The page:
Kill The Messenger
Chapter 1 Sample
It’s a dark, moonless July night in central Florida. Twenty miles south of the town of Tavares on State Route 561, a pair of yellowed headlights cut through the murkiness. The car is a 2010 Ford Taurus; silver, with a small ding on the rear driver’s side door. Behind the wheel is George Wilman, a chemical engineer. At fifty-three, he was closing in on a sooner-than-expected retirement with a government pension. Now, on this humid summer evening, he was on the run.
Four hours earlier, George had been a department head at a top-secret, found on no maps government test facility. He held this position for the last six months, having moved on from an R&D position with Dow Chemical to what proved to be a “too good to be true” opportunity. George asked many questions before he accepted the offer. In hindsight, George supposed the interviewer handled most—if not all—of his questions too quickly and with a smile that was too plastic. Now, he realized how much was clear.
George looked into the rearview mirror, expecting headlights. There were none. Unfamiliar with the area, he didn’t know what amount of traffic was normal for this stretch of road. In his state of heightened awareness, everything seemed ominous, including the absence of other travelers. A scan of the console showed it was 11:11 p.m. He had covered nearly two hundred miles without incident, a fact that did little to ease his anxiety.
He threw another glance in the rearview, glimpsing himself. His face was as white as the elsewhere moon. His hair—disheveled and thinning—bore fresh streaks of white that appeared over the past few hours. Dime-sized beads of sweat dotted his brow. He swiped at them violently with his forearm, nearly knocking his wire-rimmed glasses onto the floor. The cabin of the car was silent, save for a bit of road noise and the dull thumping of his pulse in his ears.
He took several deep breaths in through his nose, attempting to stave off his growing sense of panic. It worked, his heart rate slow down. He arched his back to stretch it out and let a large exhale out through his mouth, which ended with his lips flapping together. Bbbbbbbbbbbbbbbbbbb. George erupted in laughter, his guffaws releasing some of the pent-up tension that seemed to occupy every cell in his body. Some poor facsimile of relaxation washed over him.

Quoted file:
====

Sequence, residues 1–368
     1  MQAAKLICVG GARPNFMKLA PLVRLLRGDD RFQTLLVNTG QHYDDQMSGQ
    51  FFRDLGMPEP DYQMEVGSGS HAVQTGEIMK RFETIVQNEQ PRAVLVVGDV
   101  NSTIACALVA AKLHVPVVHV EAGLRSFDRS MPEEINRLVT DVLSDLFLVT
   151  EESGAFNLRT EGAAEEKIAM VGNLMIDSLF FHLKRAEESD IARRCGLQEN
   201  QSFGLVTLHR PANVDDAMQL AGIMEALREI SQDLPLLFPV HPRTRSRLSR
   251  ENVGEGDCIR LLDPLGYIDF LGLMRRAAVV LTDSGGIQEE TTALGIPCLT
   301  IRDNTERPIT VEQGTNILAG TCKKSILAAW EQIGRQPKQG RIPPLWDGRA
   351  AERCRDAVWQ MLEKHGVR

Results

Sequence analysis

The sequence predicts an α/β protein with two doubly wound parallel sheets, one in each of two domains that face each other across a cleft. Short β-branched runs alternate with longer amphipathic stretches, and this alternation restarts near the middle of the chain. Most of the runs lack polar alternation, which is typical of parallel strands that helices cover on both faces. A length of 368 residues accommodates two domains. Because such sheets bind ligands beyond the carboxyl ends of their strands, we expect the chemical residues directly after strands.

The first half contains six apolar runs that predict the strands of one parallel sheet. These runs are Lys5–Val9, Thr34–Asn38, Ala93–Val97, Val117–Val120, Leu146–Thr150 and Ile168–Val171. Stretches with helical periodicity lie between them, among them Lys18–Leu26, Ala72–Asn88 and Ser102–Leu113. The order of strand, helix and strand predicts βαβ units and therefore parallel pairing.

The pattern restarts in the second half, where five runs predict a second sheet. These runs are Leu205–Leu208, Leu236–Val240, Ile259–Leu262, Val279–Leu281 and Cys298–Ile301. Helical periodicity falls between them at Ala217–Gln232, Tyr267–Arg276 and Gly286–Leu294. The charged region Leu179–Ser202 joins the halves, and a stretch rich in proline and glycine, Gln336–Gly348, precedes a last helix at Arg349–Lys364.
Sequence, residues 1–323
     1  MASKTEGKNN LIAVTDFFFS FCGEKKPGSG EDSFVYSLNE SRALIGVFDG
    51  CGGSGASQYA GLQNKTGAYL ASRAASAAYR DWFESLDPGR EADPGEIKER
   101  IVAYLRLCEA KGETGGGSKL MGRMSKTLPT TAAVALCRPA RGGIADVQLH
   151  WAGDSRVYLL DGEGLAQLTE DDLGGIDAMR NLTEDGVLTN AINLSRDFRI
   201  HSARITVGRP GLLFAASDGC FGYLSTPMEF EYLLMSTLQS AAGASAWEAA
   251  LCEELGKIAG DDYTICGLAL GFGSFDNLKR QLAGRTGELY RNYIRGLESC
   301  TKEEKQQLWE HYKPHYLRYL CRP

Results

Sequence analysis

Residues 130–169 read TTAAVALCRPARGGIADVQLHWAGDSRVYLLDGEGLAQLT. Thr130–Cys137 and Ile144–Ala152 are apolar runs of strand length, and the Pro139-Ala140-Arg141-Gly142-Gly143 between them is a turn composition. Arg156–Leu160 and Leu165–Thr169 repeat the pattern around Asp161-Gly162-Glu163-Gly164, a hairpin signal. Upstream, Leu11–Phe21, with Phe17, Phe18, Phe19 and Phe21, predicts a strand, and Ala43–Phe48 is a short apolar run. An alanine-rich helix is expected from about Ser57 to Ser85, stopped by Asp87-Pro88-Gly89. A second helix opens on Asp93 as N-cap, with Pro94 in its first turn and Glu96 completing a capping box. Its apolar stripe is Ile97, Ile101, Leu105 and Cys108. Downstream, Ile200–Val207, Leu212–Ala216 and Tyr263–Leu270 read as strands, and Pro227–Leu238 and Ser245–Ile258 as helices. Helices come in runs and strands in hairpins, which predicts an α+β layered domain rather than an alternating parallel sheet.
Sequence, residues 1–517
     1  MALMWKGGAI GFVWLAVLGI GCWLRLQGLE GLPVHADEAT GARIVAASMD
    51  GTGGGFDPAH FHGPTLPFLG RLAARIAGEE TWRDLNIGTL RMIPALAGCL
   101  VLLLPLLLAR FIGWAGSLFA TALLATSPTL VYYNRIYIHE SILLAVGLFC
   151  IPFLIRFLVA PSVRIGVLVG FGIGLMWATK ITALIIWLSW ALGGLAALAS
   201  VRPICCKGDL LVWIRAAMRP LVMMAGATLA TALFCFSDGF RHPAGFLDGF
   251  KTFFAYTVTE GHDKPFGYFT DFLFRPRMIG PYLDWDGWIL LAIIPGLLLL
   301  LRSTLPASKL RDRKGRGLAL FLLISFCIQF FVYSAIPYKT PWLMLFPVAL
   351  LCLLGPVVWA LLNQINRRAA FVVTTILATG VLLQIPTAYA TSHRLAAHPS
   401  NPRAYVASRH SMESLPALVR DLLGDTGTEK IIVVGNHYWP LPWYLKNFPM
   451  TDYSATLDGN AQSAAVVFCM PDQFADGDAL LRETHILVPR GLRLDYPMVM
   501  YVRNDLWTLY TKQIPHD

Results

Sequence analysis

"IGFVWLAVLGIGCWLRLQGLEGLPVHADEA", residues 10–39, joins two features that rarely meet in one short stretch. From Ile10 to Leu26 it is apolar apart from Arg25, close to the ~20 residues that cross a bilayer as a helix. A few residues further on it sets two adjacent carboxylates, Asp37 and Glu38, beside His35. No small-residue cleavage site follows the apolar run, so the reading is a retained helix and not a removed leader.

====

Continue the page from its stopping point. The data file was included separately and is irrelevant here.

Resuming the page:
The Taurus swerved hard, first onto the soft shoulder, then into the southbound lane. George was sure that he had shit himself as he fought to maintain control of both the machine and his emotions. As the car settled back safely into the northbound lane, George began thinking. Had it been his cell phone? That he threw it out five minutes after he left the facility rendered that option an impossibility. Had he imagined it? Was he cracking up completely? Those options seemed absolutely plausible.
Then the voice returned. “Geeeoooo-ooooorrrge.” The singsong tone deeply unnerved him. “Calm down George. Don’t have an accident.”
The sarcastic emphasis on the word accident unnerved him further.
“Wha-what?” George asked. He fought to maintain his composure.
Silence. George took another deep breath and tried again.
“Who is this?”
After a brief silence, George got his answer.
The response came devoid of any joviality, the tone deadly serious. There was a brief silence before a cold, joyless laugh burst through the speakers. If he hadn’t shit himself before, he sure as hell had now. George scanned the rearview again, finding no headlights, no vehicular silhouettes, nothing but the inky black night. A flicked switch turned on the interior lights. He cast a couple of quick peeks into the backseat.
Laughter again filled the cabin. “I’m not in the car, George.” The statement was heavy with condescension.
“Where are you then?” George was getting angry as the question left his lips.
The reply he got was terse. “Around.”
George’s heart rate was up again, though this time due to anger. He decided to use it. “Fuck off then. If you work for who I think you do, you’ll be a prison pass-around soon.”
George smiled, momentarily forgetting why he was on the run and from where. He was also trying to forget that this disembodied voice belonged to someone who wanted to stop him from running. Because of what he was dealing with, he also needed to forget that a well-funded attempt to stop him was underway, following a ‘by any means necessary’ philosophy. He took a small amount of solace in knowing that he had initiated a contingency plan before hitting the road.